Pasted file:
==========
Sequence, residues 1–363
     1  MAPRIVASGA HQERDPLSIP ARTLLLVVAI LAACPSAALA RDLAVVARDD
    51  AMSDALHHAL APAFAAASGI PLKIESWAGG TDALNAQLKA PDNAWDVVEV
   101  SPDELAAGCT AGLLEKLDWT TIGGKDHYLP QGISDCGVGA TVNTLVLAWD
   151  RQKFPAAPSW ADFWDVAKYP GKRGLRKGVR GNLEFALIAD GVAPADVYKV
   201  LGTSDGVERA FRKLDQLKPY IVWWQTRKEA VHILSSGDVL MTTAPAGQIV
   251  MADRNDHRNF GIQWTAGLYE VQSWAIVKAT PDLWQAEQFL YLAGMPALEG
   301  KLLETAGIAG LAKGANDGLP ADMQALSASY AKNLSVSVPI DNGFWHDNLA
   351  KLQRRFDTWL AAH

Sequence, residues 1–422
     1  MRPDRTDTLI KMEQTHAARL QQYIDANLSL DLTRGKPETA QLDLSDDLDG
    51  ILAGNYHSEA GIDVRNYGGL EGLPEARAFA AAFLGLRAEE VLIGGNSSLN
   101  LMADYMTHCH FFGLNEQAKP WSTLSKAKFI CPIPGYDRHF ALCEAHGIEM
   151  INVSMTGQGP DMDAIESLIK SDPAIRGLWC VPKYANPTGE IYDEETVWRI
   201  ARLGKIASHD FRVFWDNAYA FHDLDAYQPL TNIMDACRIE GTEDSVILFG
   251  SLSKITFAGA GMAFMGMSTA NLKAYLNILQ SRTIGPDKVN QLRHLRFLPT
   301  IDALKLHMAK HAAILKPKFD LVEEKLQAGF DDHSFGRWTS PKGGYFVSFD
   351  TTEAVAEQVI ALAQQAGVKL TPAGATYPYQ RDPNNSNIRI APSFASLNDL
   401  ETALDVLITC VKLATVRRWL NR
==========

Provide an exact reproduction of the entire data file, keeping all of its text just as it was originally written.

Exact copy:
Sequence, residues 1–363
     1  MAPRIVASGA HQERDPLSIP ARTLLLVVAI LAACPSAALA RDLAVVARDD
    51  AMSDALHHAL APAFAAASGI PLKIESWAGG TDALNAQLKA PDNAWDVVEV
   101  SPDELAAGCT AGLLEKLDWT TIGGKDHYLP QGISDCGVGA TVNTLVLAWD
   151  RQKFPAAPSW ADFWDVAKYP GKRGLRKGVR GNLEFALIAD GVAPADVYKV
   201  LGTSDGVERA FRKLDQLKPY IVWWQTRKEA VHILSSGDVL MTTAPAGQIV
   251  MADRNDHRNF GIQWTAGLYE VQSWAIVKAT PDLWQAEQFL YLAGMPALEG
   301  KLLETAGIAG LAKGANDGLP ADMQALSASY AKNLSVSVPI DNGFWHDNLA
   351  KLQRRFDTWL AAH

Sequence, residues 1–422
     1  MRPDRTDTLI KMEQTHAARL QQYIDANLSL DLTRGKPETA QLDLSDDLDG
    51  ILAGNYHSEA GIDVRNYGGL EGLPEARAFA AAFLGLRAEE VLIGGNSSLN
   101  LMADYMTHCH FFGLNEQAKP WSTLSKAKFI CPIPGYDRHF ALCEAHGIEM
   151  INVSMTGQGP DMDAIESLIK SDPAIRGLWC VPKYANPTGE IYDEETVWRI
   201  ARLGKIASHD FRVFWDNAYA FHDLDAYQPL TNIMDACRIE GTEDSVILFG
   251  SLSKITFAGA GMAFMGMSTA NLKAYLNILQ SRTIGPDKVN QLRHLRFLPT
   301  IDALKLHMAK HAAILKPKFD LVEEKLQAGF DDHSFGRWTS PKGGYFVSFD
   351  TTEAVAEQVI ALAQQAGVKL TPAGATYPYQ RDPNNSNIRI APSFASLNDL
   401  ETALDVLITC VKLATVRRWL NR